the ruling principle would become
    "anything you write in the internet can and will be taken out of context and used against you"
     
  10. Melrose Suspended

    Melrose

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    #10
    This is a new word to me. I like it.
     
  11. Don't panic macrumors 603

    Don't panic

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    #11
    then it's yours.
    for free.

    :D
     
  12. gameface macrumors 6502

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    Boston, MA
    #12
    There is a site I admin for. I used to work for them in a creative capacity and everyone knows it. My face and name have been in the credits to their movies. Because of my name and face being so readily available to everyone I have got quite a lot of **** I personally would rather not have in my real life by trolls I banned for one reason or another. Contacting me on facebook via made up names, IP relaying me, emailing me, making up screen names that included my name but were over-the-top mean, etc. I used one screen name for all sites and found people would follow me around other forums. I eventually had to change all my logins losing status pretty much everywhere I have posted for years. Hell, I can't even have an avatar here anymore and I have been posting since 2003.

    So, yeah, I can kind of see his point.
     
  13. Peterkro macrumors 68020

    Peterkro

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    #13
    I think people very much underestimate the dangers of using your real name on the web.I have personal knowledge of people who's lives have been pretty much destroyed by stalkers,now due to confidentiality issues I'm not going into details but attempts to kill,arson and on and on.It is very common in some professions.Now I might sound like I'm exaggerating but look into it there are some excellent papers on it in the U.K. mainly by forensic psychiatrists.

    The second issue is if you have political involvement,anybody reading the news knows about the insane infiltration and monitoring of fluffy groups like climatecamp.


    Signed:
    Peter the Painter.
     
  14. Melrose Suspended

    Melrose

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    #14
    Please note how I withheld the Sarah Palin jokes. :D
     
  15. maflynn Moderator

    maflynn

    Staff Member

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    #15
    I do post under my real name, my userid is my initials and last name :eek:
     
  16. OneMike macrumors 603

    OneMike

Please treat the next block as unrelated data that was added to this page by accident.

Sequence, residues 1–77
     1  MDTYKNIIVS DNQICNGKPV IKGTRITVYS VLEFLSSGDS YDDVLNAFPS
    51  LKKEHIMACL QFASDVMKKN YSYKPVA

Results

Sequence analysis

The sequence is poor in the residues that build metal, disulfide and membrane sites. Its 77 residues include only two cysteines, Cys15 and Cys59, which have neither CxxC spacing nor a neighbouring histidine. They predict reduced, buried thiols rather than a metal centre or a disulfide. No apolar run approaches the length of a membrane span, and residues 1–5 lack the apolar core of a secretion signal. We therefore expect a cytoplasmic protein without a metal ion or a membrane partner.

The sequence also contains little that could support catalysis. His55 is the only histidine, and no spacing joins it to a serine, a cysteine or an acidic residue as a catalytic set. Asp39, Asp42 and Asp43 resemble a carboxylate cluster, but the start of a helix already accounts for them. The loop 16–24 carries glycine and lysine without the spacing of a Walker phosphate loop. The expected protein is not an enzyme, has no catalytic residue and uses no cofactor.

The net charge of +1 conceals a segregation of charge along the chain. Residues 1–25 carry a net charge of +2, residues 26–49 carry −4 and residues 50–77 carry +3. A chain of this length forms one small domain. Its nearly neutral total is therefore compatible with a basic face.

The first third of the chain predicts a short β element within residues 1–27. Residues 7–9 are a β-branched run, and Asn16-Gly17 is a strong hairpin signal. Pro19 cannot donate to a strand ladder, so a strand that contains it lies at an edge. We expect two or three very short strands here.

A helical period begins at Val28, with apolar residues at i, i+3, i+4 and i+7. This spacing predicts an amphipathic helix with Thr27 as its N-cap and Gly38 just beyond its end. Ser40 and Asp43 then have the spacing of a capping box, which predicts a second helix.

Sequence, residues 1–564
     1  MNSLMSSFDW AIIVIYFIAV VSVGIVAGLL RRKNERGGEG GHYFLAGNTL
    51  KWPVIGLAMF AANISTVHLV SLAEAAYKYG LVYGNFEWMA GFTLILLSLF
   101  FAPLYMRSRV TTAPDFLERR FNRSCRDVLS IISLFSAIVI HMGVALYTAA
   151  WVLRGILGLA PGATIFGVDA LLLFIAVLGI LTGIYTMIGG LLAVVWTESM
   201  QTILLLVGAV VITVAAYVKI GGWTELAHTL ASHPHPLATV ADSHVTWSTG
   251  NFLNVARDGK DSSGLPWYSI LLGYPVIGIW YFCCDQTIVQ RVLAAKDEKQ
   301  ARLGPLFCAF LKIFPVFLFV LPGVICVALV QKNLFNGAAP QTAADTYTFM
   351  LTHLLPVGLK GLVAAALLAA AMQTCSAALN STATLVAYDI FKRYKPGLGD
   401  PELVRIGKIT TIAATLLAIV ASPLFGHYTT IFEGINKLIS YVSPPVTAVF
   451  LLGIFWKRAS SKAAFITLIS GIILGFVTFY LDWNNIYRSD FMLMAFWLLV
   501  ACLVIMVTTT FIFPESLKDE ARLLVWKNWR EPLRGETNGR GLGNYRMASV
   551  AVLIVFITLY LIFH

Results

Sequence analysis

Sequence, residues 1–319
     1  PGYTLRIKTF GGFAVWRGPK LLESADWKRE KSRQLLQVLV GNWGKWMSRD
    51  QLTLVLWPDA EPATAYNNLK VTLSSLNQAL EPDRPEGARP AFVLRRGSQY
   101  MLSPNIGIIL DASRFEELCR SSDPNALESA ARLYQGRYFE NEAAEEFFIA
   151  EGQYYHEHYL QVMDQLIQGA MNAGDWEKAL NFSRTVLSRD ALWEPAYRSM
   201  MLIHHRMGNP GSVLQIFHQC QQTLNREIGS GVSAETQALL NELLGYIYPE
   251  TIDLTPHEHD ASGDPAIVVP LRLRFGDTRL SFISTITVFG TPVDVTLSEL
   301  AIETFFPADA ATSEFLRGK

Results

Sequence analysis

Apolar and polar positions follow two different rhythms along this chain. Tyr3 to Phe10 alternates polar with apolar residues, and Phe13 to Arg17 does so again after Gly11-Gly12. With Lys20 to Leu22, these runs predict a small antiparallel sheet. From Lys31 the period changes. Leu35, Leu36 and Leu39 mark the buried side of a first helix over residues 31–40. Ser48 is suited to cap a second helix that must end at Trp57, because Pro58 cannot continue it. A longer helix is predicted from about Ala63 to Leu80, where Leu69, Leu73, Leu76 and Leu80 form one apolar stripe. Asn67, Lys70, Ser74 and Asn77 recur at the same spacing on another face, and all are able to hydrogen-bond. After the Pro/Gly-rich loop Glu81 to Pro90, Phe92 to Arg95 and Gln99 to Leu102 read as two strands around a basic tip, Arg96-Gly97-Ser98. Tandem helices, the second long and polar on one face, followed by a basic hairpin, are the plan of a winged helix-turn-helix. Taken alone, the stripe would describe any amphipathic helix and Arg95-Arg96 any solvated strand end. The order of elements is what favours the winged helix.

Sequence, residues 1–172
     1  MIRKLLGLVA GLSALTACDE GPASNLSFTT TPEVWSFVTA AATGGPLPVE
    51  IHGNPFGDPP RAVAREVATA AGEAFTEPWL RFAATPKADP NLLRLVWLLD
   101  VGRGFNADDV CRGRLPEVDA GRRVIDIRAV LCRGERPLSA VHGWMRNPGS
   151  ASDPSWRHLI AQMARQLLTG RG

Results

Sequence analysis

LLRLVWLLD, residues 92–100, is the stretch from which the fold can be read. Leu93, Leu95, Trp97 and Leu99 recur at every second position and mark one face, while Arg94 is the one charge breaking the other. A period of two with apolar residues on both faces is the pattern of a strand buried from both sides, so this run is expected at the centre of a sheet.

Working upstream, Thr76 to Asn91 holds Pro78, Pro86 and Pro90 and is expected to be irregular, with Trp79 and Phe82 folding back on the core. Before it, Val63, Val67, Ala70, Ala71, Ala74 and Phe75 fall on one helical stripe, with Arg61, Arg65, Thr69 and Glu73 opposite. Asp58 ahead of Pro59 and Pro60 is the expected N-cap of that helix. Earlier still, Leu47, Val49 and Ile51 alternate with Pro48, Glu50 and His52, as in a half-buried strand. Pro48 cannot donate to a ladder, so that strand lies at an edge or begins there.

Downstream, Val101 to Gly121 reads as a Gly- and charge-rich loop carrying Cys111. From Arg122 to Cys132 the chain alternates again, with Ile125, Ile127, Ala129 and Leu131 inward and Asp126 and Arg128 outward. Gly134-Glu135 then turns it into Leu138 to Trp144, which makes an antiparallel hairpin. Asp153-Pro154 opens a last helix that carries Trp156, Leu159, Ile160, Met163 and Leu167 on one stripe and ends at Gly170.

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    #16
    Anonymity is not as important as common sense.

    There are many people who use aliases. "somerandomname," but that is also their twitter ID, Facebook ID, MobileME ID, etc..

    Using common sense on the information you share in my opinion is more important than being anonymous.
     
  17. andalusia macrumors 68030

    andalusia

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    Manchester, UK
    #17
    I think it's stupid to use your full name online.... *ahem* :D

    I pretty much use my name for every username I have to sign up with. Bad idea? Perhaps. I could care more.
     
  18. Blue Velvet thread starter Moderator emeritus

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    Jul 4, 2004
    #18
    Having moderated here for a couple of years, pissed a lot of people off and crossing people's paths who seemed beyond redemption, I fully appreciate this argument. As someone who has tried over the years to bring many people together here in real life, it's been an awkward line to walk at times.

    Never use the same name twice. Have no need or desire to establish myself as an internet 'brand', even as a commentator... and where possible, like to compartmentalise. You're not a Facebook friend of mine unless I've met you in person, not that I use it much these days. Not sure I want some of my LinkedIn contacts reading my posts here on MR either.
     
  19. OutThere macrumors 603

    OutThere

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    #19
    This was exactly my argument when, sometime last year, Blizzard was planning to put real names on all the posts on their discussion forum. Clearly this was met with outrage and wound up never happening. My name is, I believe, unique on the Internet. Last I checked I was the only person on Facebook with my name, and plugging my name into Google will give you a host of things about me. This creates a pretty imbalanced system where some people remain largely anonymous and others essentially expose themselves completely when they use their real name.